By Bill Flook
Institutional Shareholder Services (ISS) on September 18, 2020, asked a U.S. District Court to invalidate the SEC’s rules and guidance that impose new restrictions on the proxy advice industry.
In a motion for summary judgment and amended complaint, ISS argued the SEC regulations run counter to the text of the Securities Exchange Act of 1934 and violate First Amendment protections “because they impose content-based and viewpoint-based restrictions on protected speech,” among other points.
The lawsuit represents an effort by ISS – one of the two dominant proxy advisory firms along with Glass Lewis & Co. – to counter an industry-supported push by the SEC to place proxy firms under a new, harsher regulatory regime.
Proxy firms provide recommendations to asset managers on how to vote on a range of topics, including director elections, executive compensation, and environmental, social, and governance (ESG) issues such as climate risk disclosure.
Critics, who include Republican lawmakers and industry groups that support corporate management, such as the U.S. Chamber of Commerce, have long pushed the SEC to crack down on the firms, who they say operate with little oversight and transparency, and hold an outsized sway over shareholder votes. They argue ISS’s lawsuit is without merit.
Institutional investors who rely on ISS and Glass Lewis recommendations say the firms provide critical insight in helping navigate thousands of votes that would be impossible to research individually.
The SEC, in a move that largely aligned with industry wishes, issued guidance in August 2019 in Release No. 34-86721, Commission Interpretation and Guidance Regarding the Applicability of the Proxy Rules to Proxy Voting Advice, which deals with the exemption the firms rely on when providing voting recommendations under Rule 14a-2(b) of the Exchange Act. In the guidance, SEC staff concluded that advice provided by a proxy firm “generally” constitutes a solicitation under federal proxy rules under the Exchange Act, which “authorizes the Commission to establish rules and regulations governing such solicitations as necessary or appropriate in the public interest or for the protection of investors.”
ISS sued in October 2019, arguing that it was already properly regulated under the Investment Advisers Act of 1940, and that the commission’s guidance was a substantive enough change to require a formal notice-and-comment period for a rulemaking, among other arguments. ISS challenged the core notion in the SEC guidance that it should be regulated under a separate regulatory regime covering proxy solicitation.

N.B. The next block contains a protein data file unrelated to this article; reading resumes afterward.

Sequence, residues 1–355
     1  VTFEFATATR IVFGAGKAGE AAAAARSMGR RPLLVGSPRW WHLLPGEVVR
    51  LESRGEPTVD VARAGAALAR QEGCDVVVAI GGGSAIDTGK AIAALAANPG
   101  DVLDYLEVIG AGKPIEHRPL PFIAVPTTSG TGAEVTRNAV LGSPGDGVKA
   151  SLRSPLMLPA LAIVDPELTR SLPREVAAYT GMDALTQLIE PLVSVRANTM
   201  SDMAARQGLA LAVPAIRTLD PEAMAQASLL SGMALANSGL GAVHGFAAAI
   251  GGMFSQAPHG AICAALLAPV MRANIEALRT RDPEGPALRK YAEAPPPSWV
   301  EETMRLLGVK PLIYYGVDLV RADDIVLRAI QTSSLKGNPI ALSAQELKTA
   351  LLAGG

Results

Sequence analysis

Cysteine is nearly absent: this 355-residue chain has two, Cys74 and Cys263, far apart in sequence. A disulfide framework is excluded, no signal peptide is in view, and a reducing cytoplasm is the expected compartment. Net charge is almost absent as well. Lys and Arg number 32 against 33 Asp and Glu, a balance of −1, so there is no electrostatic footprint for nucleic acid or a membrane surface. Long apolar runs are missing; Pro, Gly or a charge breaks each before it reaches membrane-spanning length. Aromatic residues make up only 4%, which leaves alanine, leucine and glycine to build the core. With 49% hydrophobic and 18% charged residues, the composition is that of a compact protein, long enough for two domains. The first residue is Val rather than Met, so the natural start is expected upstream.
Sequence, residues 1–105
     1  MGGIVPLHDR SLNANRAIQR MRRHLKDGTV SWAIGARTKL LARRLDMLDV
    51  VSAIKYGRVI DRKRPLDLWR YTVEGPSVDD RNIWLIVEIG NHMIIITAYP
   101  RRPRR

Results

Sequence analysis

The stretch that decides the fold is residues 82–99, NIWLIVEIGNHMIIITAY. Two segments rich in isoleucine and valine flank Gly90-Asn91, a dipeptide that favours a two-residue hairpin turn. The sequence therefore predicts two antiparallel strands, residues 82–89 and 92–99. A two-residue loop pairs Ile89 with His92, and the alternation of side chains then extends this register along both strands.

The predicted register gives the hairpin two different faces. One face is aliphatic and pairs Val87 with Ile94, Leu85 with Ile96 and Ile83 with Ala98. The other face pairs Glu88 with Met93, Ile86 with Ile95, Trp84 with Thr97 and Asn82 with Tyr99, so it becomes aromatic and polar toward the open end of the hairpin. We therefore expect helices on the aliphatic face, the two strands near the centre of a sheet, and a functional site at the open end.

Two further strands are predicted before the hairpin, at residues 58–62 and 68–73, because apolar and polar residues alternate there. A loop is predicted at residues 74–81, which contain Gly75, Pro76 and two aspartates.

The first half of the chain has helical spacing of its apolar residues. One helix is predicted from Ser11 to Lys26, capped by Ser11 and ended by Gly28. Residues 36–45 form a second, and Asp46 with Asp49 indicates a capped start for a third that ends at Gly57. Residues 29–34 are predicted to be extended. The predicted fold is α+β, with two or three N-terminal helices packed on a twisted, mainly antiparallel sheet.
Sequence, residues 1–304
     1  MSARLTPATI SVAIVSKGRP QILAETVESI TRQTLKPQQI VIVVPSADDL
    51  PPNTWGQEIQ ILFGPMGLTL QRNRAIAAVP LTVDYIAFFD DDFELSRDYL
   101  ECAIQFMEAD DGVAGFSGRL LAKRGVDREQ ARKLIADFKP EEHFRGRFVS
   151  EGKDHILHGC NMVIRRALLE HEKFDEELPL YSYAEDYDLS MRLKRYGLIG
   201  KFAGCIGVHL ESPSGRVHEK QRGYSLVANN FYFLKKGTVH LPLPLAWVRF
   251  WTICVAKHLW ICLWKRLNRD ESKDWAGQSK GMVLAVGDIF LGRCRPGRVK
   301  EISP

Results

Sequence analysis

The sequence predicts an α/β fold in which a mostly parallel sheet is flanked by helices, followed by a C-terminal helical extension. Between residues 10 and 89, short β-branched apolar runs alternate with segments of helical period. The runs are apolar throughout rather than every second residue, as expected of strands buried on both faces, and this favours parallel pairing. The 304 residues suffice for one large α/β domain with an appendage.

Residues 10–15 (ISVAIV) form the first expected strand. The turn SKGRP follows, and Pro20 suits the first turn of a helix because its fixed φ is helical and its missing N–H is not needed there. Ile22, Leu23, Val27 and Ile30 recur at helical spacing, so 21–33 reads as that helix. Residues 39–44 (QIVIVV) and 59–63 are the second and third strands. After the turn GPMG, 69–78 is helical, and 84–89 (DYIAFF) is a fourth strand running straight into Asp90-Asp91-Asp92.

Several months after ISS filed its suit, the SEC issued a proposal in Release No. 34-87457, Amendments to Exemptions from the Proxy Rules for Proxy Voting Advice, which proposed a more comprehensive set of new requirements on proxy firms. Both sides agreed to stay the case until the SEC issued its final rules, which it did in July in Release No. 34-89372, Exemptions from the Proxy Rules for Proxy Voting Advice, following a 3-1 vote.
In its amended complaint filed on September 18, the firm added the SEC rules to its lawsuit, and made a separate filing seeking summary judgment.
In that motion, ISS argued that the SEC’s “attempt to regulate independent proxy advice through a statute that applies only to proxy solicitation is foreclosed by the unambiguous statutory text, and the legislative history and statutory purpose confirm that Section 14(a) was never intended to apply in this context.”
The rules and guidance are arbitrary and capricious, the proxy firm argued, “because the Commission failed to adequately explain why these rules were needed at all; failed to consider why the preexisting regulatory framework for proxy voting advice under the Investment Advisers Act was insufficient to achieve the Commission’s stated objectives; and failed to acknowledge that it was discarding decades of settled precedent and upending the industry’s legitimate reliance interests.”
Finally, the firm argued, the final rules violate constitutional free speech protections.
“The Final Rules co-opt and commandeer proxy advisers’ speech by forcing them to share their advice and recommendations with issuers and then provide a ‘mechanism’ for the issuer to respond,” ISS wrote in the motion for summary judgment. “The Supreme Court has repeatedly invalidated laws that seek to commandeer one person’s speech to facilitate someone else’s.”
This article originally appeared in the September 21, 2020 edition of Accounting & Compliance Alert, available on Checkpoint.
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